“I always wanted boobs like yours,” said Madeleine.
“Like hell you did!”
“Oh God, are you still so self-pitying? Even at your age? It was insufferable when you were a teenager, but now? What have you been doing all these years? Don’t tell me. You blog. You have a blog don’t you. I wish I could blog. Tell me you don’t piss and moan about your sexless marriage. Are you? Nothing as addictive as martyrdom. What’s a girl not to love? Unnassailable righteousness. Am I helping yet?”
“Don’t be an ass!”
“Tell me I’m right.”
Madeleine taunted, sing-song. “Tell me I’m right.”
“Fine. You’re right.”
“Shocked. Just shocked. Now tell me something I don’t know.”
“Oh for God’s sake, Maddy!”
“You’re making the right decision,” Madeleine studied her fingernail and smiled.
“Easy for you to say.”
“Wait till he sees your boobs. Nothing wrong with those. So what if they’re not as perky. Neither is he. You know what they say about a man’s dick, right? A little soldier when he’s twenty, out of breath at thirty, and than by forty he can’t stand up anymore, and by fifty he gets medals and a parade on veterans day. If he can make it to the end of the parade he gets a twenty-one gun salute.”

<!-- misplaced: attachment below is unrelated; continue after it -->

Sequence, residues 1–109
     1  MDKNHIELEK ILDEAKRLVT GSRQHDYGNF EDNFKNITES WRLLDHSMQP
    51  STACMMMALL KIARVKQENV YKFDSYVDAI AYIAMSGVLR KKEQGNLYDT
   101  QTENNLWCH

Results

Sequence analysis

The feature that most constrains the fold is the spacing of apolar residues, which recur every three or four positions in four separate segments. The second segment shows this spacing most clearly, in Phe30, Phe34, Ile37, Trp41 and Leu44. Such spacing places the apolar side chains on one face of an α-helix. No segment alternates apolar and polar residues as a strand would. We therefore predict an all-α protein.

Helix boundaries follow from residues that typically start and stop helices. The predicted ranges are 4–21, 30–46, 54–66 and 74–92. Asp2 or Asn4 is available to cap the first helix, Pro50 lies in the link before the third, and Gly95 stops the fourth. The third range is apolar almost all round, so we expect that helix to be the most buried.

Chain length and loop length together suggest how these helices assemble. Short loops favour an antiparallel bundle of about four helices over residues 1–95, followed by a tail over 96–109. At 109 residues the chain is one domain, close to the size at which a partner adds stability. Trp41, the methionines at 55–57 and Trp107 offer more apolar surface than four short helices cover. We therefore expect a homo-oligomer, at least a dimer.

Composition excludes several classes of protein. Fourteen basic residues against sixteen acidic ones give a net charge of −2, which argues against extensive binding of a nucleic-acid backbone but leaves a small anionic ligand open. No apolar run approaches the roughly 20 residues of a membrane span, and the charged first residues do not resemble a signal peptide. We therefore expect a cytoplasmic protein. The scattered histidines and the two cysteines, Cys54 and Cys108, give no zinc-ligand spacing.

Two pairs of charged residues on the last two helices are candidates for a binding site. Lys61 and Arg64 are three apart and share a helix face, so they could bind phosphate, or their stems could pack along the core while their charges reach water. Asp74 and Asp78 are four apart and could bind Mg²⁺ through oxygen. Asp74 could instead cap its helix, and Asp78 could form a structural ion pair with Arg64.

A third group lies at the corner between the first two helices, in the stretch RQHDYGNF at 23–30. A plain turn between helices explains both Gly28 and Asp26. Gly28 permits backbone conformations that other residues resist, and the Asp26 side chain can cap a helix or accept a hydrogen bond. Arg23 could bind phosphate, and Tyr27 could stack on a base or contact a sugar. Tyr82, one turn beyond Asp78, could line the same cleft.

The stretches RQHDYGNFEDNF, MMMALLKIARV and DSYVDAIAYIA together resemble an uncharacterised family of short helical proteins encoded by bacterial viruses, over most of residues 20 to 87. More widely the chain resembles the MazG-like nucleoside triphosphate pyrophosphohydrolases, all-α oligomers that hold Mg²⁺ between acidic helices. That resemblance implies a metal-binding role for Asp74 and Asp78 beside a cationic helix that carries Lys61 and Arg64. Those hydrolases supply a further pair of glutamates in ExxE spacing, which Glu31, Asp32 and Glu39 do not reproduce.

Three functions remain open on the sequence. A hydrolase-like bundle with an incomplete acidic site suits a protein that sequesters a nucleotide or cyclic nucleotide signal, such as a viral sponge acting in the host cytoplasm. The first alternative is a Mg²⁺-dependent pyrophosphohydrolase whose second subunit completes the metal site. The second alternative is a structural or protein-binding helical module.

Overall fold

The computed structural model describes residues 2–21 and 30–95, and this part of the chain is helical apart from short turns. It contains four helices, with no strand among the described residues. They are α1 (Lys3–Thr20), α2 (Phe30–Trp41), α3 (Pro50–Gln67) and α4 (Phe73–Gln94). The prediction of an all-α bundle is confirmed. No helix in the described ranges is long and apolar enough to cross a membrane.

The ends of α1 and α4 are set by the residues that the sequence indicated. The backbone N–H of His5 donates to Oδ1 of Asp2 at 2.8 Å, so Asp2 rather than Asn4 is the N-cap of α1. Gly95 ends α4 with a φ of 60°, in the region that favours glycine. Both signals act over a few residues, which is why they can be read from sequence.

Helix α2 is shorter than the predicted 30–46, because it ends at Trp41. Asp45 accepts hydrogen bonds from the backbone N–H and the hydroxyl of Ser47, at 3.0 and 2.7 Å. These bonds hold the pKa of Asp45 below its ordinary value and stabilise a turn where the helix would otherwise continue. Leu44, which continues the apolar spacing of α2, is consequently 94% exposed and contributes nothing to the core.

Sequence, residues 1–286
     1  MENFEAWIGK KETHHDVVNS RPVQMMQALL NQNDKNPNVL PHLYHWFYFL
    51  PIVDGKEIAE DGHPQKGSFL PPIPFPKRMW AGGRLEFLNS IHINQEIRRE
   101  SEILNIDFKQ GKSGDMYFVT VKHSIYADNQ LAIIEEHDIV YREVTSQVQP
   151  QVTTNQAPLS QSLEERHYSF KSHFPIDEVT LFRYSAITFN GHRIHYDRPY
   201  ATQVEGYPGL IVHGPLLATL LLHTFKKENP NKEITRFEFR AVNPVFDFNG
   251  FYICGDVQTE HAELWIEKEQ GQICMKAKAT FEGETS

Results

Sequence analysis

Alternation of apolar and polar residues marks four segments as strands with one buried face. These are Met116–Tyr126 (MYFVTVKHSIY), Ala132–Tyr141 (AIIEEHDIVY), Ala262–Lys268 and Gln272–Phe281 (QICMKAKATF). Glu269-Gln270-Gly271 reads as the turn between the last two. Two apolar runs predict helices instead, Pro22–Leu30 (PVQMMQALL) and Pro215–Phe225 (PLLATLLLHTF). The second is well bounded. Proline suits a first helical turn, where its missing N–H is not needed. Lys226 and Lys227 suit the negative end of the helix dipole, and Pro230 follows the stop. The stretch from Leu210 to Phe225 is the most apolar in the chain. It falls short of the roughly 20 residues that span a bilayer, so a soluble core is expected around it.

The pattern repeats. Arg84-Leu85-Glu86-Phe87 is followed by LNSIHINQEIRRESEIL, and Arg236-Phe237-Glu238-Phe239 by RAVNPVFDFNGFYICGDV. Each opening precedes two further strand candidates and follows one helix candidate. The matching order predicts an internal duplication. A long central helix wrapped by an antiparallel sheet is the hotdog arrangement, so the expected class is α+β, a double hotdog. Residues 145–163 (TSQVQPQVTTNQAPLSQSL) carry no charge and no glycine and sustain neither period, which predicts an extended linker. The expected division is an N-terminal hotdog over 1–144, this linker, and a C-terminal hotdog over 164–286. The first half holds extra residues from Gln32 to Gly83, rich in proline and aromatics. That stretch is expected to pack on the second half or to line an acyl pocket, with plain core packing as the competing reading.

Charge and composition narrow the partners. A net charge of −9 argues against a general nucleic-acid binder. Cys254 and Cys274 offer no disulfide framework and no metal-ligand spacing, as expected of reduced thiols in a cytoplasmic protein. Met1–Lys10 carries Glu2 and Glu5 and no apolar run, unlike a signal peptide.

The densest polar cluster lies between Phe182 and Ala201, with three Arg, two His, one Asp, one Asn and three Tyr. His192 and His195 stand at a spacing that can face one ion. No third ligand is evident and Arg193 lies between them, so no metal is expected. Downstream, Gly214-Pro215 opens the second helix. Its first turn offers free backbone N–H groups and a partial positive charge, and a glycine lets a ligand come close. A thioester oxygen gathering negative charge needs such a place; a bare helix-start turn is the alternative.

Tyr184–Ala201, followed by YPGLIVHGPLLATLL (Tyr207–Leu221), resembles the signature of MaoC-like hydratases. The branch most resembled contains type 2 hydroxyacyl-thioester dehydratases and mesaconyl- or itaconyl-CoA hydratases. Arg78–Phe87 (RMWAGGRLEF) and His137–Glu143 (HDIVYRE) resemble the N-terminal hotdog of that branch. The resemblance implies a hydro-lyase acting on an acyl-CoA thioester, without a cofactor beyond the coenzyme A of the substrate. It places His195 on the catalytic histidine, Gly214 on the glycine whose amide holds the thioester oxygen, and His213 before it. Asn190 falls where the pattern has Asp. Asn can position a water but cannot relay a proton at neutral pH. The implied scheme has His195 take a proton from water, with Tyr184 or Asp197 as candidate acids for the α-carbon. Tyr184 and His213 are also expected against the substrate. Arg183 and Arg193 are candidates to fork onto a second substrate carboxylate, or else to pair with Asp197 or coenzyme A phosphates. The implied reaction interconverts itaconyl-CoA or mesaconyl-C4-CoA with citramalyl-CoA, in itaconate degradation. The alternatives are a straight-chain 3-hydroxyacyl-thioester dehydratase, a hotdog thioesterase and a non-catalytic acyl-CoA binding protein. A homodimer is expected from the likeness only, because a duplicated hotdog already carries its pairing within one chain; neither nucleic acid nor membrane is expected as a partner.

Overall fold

“He’d damned well better make it to the end of the street.” Lydia turned sideways, looked at her figure, lifted the little bit of extra curviness at her hips.
“You still got it,” said Madeleine.
Lydia exhaled and returned to the bedroom. She pulled the tube skirt over her head and shimmied until she pulled the hem over her hips with a wiggle to the left and right. She tentatively walked to the mirror, turning sideways, hands lightly on her hips. “I’m puting on tights.”
“Tights?” asked Madeleine.
“I’ve got a dayjob, Maddy, Remember? Gotta’ work first. Can’t give all those sweaty, beer-gutted middle managers a heart attack. I can always take off the tights later.”
“Give ‘em heart attacks, Liddy.”
“Why are you here?”
“With nothing on underneath.”
“Baby steps, Lydia. Baby steps.”
“Maddy! Go away!”
Lydia put on the tights, and bra, and scarf and a necklace. She had so little time.
“Father!” Lydia paused.
Father McCory was sitting at the kitchen table. His skin was pale, hair gray, and he was smoking a cigarette. “Over twenty years is it? And just like that? You’re gonna’ throw it all away just like that? What happened to those vows? Till death do us part. What did y’think that all meant, Lydia. Why d’ya suppose they call them vows? D’ya know what a vow is?”